AS Monaco majority owner Dimitri Rybolovlev has been drawn into the world’s media spotlight again, although this time it’s not because of his protracted feud with art dealer Yves Bouvier, but due to his purchase ten years ago of the Florida mansion that once belonged to Donald Trump.
A senior Democratic senator, Ron Wyden, has asked the US Treasury Department to make public documents relating to the sale of the six-acre estate in Palm Beach to Mr Rybolovlev for €77 million ($95 million) at the height of the global economic crisis in 2008. The price was one of the highest-ever paid for a single property.
The current US President had bought the property for less than half the price, just €33 million ($41 million), four years previously. Mr Rybolovlev later demolished the building amid reports of rising damp, and sold off the land in lots.
Senator Wyden, who is on the powerful Senate Intelligence Committee, wrote in a letter to Treasury Secretary Steve Mnuchin: “It is imperative that Congress follow the money and conduct a thorough investigation into any potential money laundering or other illicit financial dealings between the president, his associates, and Russia.”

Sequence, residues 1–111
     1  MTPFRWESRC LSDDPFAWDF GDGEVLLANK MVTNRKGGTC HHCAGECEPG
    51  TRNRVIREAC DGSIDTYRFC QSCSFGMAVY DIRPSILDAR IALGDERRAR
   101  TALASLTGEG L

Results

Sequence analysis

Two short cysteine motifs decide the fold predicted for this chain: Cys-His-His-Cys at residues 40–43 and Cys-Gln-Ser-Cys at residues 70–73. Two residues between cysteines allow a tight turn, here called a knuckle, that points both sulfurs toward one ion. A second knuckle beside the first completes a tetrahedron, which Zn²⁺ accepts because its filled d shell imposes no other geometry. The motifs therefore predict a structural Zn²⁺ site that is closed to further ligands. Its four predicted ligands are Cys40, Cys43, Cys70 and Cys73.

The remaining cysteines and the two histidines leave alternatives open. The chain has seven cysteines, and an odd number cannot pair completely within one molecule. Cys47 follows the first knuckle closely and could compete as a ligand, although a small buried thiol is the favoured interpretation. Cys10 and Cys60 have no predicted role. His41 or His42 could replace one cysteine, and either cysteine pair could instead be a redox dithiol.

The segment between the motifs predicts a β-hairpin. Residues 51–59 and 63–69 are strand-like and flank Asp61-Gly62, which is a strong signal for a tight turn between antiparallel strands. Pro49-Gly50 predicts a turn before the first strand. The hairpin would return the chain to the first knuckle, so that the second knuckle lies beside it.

Bloomberg News reported last July that Robert Mueller, the special counsel investigating possible Russian meddling in the 2016 presidential elections, was also looking into Russian purchases of Trump real estate properties.
A spokesperson for Mr Rybolovlev issued a statement last week: “When the Rybolovlev family trust acquired the property in Palm Beach in 2008, it was made very clear that the purchase was an investment. The transaction was publicly announced and widely covered by the US media. There was no suggestion whatsoever of any impropriety about the purchase.
“What is more, the investment today remains on track to deliver a significant return to the trust. The first two lots of the property have sold for $71.3 million and the final lot has been listed for $42 million.”
In 2016, then candidate Trump told ABC News that the sale of the mansion was one of the few times he had ever done business directly with a Russian national. The now-gone seven-bedroom home had a garage that could accommodate 80 cars, while the house itself had marble floors, bulletproof windows, and a full-sized ballroom.